When I was a boy, I always dreamed of making a living with a rope. I never knew if my boyhood dreams would come to fruition, but the vision of John Wayne riding a sorrel horse from daybreak to dusk are far from the reality of today. Back then, roping was always fun.
When your wear your swimming trunks under your overalls because there is so much water in the field, roping is no fun. Add in a 1200 pound, angry Brangus cow, who before she was roped, tried to kill us, roping is no fun. Now, imagine you are chest deep in 35 degree water, with your arm fully involved in trying to remove a calf that doesn't want to be removed, from a cow who is now tied to an atv; roping is no fun. Finally, imagine a 1200 pound cow jumping a six foot gate, wrangling your associates like rodeo clowns in a barrel, breaking through six fences, busting up a children's farm tour, and heading for the hills with your rope on her neck.... Now that's when roping gets fun. This is how that story went down:
We hit the road early that morning; the Tennessee clinic is a two hour drive. As soon as we arrived, we started on the morning's surgeries; we had several to do and there was no time to waste.
About ten, the large animal calls started pouring in: cows with birthing problems, lame horses, and an assortment of goat issues. We already had a cow in the hospital so I told Julie we better hurry her into the chute before we had to leave for farm calls.
We examined her and quickly discovered the problem, she had a small prolapse post calving. No big deal, a little lidocaine, cleaning, and stitching and she was good to go.
The fun started when we released her from the chute. She immediately cleared the hospital of her captors, headed for the fence, and darted over a six foot gate with little effort. Dr Sam, Casey, Julie, and I tried to head her off behind the clinic. Each of our back up gates were locked, so we assumed we could bring her back into the clinic easily. Within fifteen minutes, Dr Sam had dove to safety with as much ease as a professional bull fighter, Casey and I were throwing rocks at the old girl in self defense, and four gates were killed in the defense of the clinic.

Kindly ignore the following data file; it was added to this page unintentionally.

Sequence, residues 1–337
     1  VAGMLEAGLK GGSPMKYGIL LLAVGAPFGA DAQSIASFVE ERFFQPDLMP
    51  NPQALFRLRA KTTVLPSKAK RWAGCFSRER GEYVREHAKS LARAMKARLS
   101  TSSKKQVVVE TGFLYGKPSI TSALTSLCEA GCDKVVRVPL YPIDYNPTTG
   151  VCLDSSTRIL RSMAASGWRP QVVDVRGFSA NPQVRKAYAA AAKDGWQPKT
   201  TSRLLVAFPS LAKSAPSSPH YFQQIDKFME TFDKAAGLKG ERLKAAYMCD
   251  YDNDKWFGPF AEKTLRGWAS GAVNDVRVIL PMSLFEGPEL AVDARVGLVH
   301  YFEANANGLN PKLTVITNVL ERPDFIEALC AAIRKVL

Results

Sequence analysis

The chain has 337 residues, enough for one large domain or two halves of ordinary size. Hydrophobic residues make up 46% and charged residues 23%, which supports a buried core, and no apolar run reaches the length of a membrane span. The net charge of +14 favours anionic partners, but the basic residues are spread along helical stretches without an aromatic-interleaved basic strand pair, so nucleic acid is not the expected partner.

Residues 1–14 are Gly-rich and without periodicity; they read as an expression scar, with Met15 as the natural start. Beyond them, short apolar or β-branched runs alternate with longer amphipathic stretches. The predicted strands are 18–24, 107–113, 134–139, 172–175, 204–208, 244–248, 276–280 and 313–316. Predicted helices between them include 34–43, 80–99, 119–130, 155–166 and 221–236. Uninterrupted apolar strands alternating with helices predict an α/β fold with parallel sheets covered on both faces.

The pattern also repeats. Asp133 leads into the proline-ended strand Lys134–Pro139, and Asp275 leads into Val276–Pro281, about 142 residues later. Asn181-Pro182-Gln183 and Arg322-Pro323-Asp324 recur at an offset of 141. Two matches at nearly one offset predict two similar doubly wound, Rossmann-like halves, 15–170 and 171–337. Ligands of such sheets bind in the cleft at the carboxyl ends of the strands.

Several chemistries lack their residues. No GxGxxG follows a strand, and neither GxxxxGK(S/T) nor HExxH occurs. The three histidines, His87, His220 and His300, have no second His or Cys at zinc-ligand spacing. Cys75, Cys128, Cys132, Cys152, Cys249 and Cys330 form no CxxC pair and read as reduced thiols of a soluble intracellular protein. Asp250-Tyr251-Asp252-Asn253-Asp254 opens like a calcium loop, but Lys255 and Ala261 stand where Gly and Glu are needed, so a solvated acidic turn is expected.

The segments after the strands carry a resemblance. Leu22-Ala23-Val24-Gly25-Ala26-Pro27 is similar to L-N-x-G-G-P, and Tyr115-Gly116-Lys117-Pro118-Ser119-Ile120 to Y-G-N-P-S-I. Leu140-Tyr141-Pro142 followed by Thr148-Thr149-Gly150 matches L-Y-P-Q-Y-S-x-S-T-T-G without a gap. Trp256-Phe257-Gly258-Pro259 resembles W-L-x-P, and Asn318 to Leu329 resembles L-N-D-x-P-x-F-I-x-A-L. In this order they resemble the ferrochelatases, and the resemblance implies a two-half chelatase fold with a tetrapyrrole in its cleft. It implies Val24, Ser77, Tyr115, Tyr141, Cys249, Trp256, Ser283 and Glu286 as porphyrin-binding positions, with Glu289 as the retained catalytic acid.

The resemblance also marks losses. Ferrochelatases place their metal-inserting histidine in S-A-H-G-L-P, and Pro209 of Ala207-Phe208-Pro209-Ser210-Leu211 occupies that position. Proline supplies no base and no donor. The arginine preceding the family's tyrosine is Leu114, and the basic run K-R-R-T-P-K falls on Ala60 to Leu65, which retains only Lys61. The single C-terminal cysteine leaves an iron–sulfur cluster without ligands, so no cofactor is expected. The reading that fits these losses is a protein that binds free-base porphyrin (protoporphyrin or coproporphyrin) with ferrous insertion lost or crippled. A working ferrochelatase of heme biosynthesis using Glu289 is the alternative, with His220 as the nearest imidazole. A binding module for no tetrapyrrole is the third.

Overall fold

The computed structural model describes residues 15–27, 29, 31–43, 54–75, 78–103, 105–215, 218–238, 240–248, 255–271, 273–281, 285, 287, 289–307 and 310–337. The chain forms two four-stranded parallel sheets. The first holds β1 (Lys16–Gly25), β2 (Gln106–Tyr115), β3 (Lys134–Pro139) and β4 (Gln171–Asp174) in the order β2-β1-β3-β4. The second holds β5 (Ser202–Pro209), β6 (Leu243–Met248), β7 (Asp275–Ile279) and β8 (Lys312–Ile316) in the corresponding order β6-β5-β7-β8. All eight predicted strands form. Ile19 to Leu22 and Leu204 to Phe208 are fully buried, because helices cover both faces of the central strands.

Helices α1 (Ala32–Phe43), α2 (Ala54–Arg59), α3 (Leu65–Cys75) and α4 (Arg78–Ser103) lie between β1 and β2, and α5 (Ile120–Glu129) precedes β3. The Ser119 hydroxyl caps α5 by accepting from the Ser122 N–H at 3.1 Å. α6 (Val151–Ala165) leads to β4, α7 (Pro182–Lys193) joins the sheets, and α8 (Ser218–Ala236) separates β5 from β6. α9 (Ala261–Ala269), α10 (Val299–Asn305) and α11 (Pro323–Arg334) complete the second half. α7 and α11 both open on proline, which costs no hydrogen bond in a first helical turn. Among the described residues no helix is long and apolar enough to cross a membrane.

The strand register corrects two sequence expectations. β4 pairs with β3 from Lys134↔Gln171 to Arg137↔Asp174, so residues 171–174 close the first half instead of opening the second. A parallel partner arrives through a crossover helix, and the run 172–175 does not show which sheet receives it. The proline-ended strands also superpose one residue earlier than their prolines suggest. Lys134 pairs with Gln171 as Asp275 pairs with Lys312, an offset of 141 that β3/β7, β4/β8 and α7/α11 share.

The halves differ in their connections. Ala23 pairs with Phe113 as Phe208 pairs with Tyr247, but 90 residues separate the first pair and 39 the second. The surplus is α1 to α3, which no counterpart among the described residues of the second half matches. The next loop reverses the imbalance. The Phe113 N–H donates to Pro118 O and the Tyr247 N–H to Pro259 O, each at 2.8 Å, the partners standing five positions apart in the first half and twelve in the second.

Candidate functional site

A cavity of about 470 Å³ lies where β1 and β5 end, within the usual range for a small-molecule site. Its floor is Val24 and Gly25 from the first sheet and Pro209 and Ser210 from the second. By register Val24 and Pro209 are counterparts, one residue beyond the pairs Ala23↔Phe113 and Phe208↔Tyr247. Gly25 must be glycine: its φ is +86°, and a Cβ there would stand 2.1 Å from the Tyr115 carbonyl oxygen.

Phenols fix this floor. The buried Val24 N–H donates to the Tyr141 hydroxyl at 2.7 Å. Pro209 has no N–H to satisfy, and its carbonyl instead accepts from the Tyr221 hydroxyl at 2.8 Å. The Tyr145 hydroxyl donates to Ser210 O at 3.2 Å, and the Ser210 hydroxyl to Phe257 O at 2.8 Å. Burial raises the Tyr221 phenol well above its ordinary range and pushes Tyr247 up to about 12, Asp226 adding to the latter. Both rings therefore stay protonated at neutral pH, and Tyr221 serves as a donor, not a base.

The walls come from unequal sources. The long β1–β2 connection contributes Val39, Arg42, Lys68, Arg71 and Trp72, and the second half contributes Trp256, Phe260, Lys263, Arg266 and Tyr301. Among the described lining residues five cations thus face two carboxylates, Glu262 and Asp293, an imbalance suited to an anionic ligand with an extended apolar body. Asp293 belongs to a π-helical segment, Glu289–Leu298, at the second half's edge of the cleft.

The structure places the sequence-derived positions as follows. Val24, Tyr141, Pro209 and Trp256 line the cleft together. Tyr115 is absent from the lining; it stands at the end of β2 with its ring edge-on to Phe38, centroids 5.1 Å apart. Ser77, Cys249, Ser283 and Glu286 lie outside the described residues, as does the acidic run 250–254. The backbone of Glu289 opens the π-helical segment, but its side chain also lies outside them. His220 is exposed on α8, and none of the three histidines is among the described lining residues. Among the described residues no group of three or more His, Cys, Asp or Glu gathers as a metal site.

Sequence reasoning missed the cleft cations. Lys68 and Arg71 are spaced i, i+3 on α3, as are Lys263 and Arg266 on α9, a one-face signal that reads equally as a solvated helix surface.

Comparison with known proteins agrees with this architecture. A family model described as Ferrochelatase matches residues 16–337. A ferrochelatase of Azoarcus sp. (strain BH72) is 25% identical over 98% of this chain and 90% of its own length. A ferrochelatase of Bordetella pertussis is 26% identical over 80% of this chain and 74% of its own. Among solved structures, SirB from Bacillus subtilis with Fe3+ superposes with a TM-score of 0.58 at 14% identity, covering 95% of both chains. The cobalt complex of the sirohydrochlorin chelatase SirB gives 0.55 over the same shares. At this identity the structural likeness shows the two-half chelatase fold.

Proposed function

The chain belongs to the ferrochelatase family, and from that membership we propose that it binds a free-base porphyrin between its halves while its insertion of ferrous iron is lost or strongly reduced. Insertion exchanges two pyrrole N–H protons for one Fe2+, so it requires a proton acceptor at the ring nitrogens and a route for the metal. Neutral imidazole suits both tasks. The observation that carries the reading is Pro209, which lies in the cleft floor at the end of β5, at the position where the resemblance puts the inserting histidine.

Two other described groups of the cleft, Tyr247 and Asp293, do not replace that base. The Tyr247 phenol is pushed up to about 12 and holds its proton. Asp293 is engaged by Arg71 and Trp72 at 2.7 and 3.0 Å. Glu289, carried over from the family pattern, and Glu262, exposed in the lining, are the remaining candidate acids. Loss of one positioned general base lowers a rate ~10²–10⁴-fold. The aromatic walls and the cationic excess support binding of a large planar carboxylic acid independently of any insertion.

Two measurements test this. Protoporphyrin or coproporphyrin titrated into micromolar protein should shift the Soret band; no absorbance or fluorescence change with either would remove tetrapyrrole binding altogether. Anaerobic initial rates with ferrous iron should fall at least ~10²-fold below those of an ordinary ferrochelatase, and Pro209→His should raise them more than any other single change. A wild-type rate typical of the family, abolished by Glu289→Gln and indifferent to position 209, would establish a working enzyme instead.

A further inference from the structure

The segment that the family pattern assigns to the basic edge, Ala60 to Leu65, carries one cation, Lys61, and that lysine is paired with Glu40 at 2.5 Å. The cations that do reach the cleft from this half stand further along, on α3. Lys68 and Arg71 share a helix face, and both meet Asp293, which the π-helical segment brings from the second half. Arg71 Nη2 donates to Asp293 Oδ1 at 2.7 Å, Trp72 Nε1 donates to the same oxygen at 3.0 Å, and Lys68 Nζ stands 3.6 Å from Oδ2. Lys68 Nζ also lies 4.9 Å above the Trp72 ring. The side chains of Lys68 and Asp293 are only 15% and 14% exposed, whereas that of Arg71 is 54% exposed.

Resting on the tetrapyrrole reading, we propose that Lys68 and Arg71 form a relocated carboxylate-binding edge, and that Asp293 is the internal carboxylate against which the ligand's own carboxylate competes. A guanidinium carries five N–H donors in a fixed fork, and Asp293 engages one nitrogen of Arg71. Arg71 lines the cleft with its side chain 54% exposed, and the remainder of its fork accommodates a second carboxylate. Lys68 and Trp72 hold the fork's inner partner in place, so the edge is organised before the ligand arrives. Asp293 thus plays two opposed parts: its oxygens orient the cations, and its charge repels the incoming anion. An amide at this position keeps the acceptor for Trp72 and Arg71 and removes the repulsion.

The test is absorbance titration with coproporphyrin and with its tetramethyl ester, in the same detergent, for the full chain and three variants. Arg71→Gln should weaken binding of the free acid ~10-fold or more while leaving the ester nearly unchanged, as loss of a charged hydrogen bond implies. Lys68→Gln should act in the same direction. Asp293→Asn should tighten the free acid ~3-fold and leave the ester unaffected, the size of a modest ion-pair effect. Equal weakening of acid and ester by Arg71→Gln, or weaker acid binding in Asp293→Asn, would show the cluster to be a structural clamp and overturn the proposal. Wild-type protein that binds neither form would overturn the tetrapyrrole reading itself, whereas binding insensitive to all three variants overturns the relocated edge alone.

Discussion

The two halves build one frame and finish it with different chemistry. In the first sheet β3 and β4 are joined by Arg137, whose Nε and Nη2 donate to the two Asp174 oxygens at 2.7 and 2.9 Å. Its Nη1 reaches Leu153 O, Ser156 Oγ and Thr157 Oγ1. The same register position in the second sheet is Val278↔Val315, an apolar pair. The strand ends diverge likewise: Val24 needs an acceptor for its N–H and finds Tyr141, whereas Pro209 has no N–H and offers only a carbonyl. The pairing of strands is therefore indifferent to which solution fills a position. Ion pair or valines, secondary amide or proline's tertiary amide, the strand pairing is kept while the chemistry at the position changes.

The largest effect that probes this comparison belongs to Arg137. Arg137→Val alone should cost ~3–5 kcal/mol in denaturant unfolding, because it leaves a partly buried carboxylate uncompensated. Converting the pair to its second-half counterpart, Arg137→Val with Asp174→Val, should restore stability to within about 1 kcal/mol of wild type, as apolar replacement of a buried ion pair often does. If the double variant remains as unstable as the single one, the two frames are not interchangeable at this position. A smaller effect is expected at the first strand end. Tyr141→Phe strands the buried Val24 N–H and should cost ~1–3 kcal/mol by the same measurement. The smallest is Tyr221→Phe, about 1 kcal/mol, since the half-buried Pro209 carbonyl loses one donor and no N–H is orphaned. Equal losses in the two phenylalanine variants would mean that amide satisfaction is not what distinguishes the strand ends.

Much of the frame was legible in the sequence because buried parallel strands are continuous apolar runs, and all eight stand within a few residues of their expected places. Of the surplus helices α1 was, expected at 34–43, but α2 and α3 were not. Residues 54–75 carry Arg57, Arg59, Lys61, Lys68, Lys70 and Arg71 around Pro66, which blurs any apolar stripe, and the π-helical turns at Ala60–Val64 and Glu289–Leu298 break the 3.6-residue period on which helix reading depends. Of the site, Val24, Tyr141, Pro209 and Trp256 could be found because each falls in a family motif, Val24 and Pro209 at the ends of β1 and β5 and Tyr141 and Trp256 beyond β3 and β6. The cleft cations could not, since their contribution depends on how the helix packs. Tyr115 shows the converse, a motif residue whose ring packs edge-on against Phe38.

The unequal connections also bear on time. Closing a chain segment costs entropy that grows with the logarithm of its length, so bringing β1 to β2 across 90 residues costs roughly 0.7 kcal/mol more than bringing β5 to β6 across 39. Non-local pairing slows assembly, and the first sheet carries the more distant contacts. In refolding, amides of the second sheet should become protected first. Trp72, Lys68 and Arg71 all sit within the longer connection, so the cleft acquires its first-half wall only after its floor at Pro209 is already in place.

All the commotion behind the clinic, had been seen by our visitors at the farm tour; I could imagine the little kids asking mom why the guys in the green overalls were playing "tag "with the cow.
Just as the cow tore through the sheep lot and headed out of sight, the call came in from the bosses to Cease and desist at once. Apparently, the tour leader wanted to see what was happening, and had the kids a little too close for comfort to the situation. It was about this time that Hollywood arrived on the scene.
Hollywood was an expert cow wrangler, and we all knew we were running out of options for controlling the angry cow. Only one fence remained between the cow and the main road; if she escaped it, the likelihood of capturing her would have severely diminished. Hollywood was a very busy guy, so he was only called in as a last-ditch- effort. We waited on the tour to end and formulated a plan for her capture.
In the mean time, the cow had the poor sheep in a state of panic. She had no interest in sheep, but the size of the cow and the witnessing of the morning's events, had all twelve sheep in a pile in the corner of the field.
The cow didn't stay long, by the time the tour ended, she had traveled one half mile upward into the dairy herd. Luckily, on the way through the last gate, we had been able to rope her.
When everyone left, Hollywood bolted after the cow, caught the rope and quickly tied it to a tree. Dr. Sam and I put two more ropes on the angry cow and retrieved the owner's trailer. It took a good sized tractor and five people to put the cow in the trailer, but in the end, she finally conceded defeat.
As far as we know, the old girl is still alive today. We wish her the best and pray she never gets sick again. Some days, roping is pretty fun.